Calls for rise in alcohol tax to reduce number of A&E visits

By Sophie Witts contact

- Last updated on GMT

Calls for rising alcohol tax to reduce pressure on the NHS

Related tags: Beer duty escalator, Alcoholic beverage, Public house

Increasing the price of alcohol in restaurants and bars could dramatically reduce the number of patients admitted to hospital with violence-related injuries, according to a new study.

Researchers from Cardiff University found that a tax of one per cent above inflation could be more effective at reducing pressure on the NHS than minimum unit pricing.

Writing in the journal Injury Prevention​ the team said that on-trade alcohol prices had ‘a greater impact on violence than off-trade prices’.

Impact on trade

However, the British Beer and Pub Association (BBPA) warned that similar taxes had historically been fatal for the pub industry.

The beer duty escalator, which put up the price of a pint by two per cent above inflation each year, was scrapped in 2013 after it resulted in a 42 per cent tax hike over five years.

During its run the escalator caused beer sales to fall by 16 per cent, resulting in the closure of 7,000 pubs and 58,000 job losses, according to the BBPA.

Brigid Simmonds, chief executive of the BBPA, said: “A return to the beer duty escalator will lead to more pub closures and penalise the vast majority of consumers who drink responsibly.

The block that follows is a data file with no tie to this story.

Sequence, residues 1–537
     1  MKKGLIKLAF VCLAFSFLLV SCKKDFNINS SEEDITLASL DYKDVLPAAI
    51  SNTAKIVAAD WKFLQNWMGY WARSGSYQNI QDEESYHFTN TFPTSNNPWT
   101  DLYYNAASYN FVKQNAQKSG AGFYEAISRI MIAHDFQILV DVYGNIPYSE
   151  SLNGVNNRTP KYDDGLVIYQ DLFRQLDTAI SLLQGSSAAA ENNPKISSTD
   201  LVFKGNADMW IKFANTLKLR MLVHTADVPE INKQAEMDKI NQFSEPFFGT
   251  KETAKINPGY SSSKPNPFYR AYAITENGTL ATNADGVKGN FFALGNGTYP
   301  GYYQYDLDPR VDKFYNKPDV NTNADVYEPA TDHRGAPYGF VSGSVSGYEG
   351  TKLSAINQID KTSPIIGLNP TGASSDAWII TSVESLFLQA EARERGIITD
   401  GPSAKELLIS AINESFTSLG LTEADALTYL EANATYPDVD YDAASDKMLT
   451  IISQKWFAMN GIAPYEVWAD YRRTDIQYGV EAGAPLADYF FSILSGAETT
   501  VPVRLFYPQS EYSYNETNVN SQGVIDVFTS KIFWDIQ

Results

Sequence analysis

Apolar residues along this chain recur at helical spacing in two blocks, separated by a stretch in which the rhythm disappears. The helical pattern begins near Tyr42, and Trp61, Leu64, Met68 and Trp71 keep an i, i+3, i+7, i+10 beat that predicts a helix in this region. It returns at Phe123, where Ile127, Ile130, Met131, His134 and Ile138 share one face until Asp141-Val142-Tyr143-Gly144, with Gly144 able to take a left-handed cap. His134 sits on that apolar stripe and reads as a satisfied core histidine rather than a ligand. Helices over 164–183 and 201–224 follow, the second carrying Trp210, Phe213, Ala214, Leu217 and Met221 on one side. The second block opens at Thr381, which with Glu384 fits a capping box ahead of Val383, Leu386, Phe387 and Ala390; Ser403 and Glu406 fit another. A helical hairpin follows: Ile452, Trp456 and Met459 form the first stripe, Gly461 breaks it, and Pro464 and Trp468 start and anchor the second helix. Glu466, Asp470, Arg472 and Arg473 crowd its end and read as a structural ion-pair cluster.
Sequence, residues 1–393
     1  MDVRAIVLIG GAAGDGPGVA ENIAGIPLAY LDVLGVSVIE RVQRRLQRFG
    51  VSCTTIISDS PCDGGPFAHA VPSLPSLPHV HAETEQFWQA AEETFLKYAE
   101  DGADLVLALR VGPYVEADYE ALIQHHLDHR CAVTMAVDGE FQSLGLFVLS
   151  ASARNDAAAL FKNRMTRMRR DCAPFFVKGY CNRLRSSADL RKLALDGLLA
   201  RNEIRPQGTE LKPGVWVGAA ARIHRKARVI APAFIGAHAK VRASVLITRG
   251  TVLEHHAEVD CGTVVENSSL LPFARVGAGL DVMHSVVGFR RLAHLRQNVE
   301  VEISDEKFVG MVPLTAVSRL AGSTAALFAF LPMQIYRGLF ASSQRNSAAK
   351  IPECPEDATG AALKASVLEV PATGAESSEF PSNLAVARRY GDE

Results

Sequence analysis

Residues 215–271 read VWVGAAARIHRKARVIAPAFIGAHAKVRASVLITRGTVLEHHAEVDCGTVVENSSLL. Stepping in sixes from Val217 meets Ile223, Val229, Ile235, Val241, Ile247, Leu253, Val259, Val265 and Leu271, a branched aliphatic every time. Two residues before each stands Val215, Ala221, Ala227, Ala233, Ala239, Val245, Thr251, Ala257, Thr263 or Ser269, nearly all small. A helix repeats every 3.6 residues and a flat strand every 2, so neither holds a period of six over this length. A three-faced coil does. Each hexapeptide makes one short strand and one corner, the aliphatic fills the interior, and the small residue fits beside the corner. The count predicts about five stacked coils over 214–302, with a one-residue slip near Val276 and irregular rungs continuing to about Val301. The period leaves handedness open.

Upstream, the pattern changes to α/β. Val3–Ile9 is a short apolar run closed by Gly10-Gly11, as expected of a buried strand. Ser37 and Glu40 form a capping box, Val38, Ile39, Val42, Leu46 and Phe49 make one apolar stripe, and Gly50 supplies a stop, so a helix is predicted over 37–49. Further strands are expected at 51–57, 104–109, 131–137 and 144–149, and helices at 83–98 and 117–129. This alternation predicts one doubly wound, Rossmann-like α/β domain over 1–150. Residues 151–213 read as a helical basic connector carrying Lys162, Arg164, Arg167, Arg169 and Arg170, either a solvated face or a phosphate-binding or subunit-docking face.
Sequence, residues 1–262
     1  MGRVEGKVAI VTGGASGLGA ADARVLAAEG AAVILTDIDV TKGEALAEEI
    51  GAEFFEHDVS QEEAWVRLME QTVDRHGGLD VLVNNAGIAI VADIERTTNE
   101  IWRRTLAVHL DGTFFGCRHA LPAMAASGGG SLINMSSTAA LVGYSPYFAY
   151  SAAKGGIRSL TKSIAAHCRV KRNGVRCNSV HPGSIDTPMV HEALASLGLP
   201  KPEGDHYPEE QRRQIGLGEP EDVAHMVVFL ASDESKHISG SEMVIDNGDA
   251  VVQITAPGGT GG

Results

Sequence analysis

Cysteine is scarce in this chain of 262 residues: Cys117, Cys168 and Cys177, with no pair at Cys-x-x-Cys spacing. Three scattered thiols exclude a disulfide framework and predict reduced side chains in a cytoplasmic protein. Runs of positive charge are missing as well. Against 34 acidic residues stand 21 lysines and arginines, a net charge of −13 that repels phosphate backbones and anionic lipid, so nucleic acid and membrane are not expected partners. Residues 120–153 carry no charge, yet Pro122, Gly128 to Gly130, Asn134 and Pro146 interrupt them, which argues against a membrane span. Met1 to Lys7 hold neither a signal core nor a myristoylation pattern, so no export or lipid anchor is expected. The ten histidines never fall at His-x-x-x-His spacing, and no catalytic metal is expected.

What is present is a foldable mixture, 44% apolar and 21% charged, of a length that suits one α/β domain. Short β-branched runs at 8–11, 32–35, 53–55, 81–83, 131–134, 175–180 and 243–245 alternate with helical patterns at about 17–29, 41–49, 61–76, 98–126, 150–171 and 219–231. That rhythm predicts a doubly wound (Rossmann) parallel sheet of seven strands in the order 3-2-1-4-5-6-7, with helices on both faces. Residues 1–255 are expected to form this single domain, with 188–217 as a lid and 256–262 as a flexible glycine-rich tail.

"British beer drinkers pay the second highest levels of beer tax in the whole of Europe and 14 times more beer tax than our German counterparts.”

Taking action

The BBPA said that improving public education and partnerships between the pub industry, police and public health authorities was proving far more effective in tackling alcohol-related harm than imposing taxes.

“Alcohol consumption has fallen 19 per cent since 2004, and indicators of harmful drinking and alcohol related violence are also falling,” said Simmonds.

Scotland passed minimum pricing legislation in 2012 due to ‘significant’ problems with alcohol, but it has not yet been implemented due to a legal challenge led by the Scotch Whisky Association.

A Treasury spokesperson said that the Government had no plans to introduce further taxes on alcohol but instead aimed to encourage ‘responsible’ consumption.

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